The Dark Matter Universe
The above image is a computer simulation of the distribution of mass in a Dark Matter dominated Universe. The simulation produces much filamentary structure and is filled with voids. Structure (\eg density enhancements) clearly forms at the intersection of these filaments.
How does this compare with observations?
Qualitatively the agreement is good as can be seen by comparing against the results of the Las Campanas Redshift Survey, orchestrated by Steve Shectman and shown below:
Quantitative comparison, however, to the simulation reveals the following points:
We being with the "missing" baryon problem.
The density of baryons can be estimated from models which correctly reproduce the observed abundance of light elements under and assumed range for the entropy of the Universe (photons per baryon) Calculations indicate the following: (h = H/100)
For reasonable ranges of h (0.5 -- 1.0) this means that most of the baryonic material is also "dark". Thus we also have a missing baryon problem!
The general idea is to infer the existence of gravitating matter from perturbations in the motions of objects. In general, this requires application of the Virial Theorem which you have been asked to derive as part of the second homework assignment (we will derive it, from first principles, in class later).
where zh is the vertical disk scale height and Rh is the radial disk scale length. This exponential form can be derived by assuming an infinitely thin disk (which is justified by the observations) together with an isothermal velocity distribution. In the case of a self-gravitating disk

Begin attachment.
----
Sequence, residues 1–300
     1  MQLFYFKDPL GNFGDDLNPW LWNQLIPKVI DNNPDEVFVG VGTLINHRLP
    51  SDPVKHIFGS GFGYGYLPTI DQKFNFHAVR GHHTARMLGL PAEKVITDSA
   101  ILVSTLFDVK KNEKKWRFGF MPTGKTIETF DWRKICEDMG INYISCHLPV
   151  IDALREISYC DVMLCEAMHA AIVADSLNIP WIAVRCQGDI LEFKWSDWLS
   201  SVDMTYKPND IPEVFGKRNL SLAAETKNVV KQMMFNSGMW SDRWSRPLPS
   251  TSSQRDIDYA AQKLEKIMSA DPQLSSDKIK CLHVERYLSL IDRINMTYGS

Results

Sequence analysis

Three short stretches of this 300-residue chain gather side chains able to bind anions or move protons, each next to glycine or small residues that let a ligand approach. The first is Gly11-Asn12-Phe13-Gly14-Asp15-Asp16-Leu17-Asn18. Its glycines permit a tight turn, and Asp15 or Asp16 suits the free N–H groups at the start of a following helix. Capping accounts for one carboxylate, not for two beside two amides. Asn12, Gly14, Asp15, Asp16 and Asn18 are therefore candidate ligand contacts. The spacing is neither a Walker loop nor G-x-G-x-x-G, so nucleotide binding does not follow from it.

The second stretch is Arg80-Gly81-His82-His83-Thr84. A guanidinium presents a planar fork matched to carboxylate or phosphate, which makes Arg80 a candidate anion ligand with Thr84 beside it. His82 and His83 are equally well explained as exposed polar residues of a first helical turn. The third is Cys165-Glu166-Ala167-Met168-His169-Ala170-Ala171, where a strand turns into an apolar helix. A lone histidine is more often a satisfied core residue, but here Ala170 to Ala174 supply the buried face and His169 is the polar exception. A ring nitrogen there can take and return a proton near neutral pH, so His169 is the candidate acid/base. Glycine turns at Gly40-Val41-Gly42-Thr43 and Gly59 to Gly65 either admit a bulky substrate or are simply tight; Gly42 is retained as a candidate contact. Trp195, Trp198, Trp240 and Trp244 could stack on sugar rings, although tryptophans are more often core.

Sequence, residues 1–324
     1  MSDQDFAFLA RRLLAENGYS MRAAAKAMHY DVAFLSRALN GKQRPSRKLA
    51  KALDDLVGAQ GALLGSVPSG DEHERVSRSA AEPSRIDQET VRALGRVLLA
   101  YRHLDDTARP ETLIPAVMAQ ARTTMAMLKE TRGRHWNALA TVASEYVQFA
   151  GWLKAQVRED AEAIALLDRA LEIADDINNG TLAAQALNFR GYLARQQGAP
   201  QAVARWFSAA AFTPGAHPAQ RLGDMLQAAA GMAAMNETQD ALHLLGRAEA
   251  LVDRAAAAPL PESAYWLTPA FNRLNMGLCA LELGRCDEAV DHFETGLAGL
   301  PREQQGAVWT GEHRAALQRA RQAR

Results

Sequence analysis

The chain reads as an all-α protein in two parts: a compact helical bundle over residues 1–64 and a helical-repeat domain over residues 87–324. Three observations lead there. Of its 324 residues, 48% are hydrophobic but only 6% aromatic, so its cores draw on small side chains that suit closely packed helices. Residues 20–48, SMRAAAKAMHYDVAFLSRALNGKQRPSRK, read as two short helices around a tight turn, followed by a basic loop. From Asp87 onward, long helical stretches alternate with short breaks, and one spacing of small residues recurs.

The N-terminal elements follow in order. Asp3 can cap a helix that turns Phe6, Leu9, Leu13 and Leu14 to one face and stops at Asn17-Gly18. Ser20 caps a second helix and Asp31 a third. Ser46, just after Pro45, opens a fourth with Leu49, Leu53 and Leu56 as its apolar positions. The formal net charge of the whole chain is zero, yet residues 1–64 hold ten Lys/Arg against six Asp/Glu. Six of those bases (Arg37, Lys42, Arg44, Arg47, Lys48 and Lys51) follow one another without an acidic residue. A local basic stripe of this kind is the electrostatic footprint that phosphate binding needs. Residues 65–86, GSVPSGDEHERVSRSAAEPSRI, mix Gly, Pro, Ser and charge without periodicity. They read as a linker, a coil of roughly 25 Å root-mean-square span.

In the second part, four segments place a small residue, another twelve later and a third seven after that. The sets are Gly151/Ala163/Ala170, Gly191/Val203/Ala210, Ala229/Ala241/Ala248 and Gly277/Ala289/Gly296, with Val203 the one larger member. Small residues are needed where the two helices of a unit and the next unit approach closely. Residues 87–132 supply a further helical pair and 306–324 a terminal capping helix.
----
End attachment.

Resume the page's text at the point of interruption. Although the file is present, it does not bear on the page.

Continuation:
The self gravity in this case is provided by the sum of the stellar distribution and the dark matter distribution. The Solar Neighborhood is a region of of radius roughly 300 light years that contains a few thousand stars. This region contains thin disk, thick disk and halo stars and their normalization is important to the determination of the mass density within this region.
In a highly flattened rotating stellar system, the density distribution in the vertical (z) direction, D(z) is a measure of the surface mass density. This situation arises as Poisson's equation for a flattened system assumes the form
As the density increases, then the z-coordinate sees a larger derivative in the potential which means it experiences a larger gravitational restoring force in that direction. In practice, this gravitational restoring force can be estimated by measuring zh and the vertical velocity dispersion SIGMAz for some well defined sample of stars. This transformation from equation 9 to observables makes use of a variant of the collisionless Boltzmann equations. Since stars are not escaping from this system, the collisionless Boltzmann equation can be combined with the equation for continuity of mass to yield (see Binney and Tremaine 1987 for details):
Measurements of the density distribution of stars in the z direction combined with the vertical velocity dispersion then constrains rho.
This is known as the Oort limit problem and its resolution is the subject of the second question in the second homework assignment.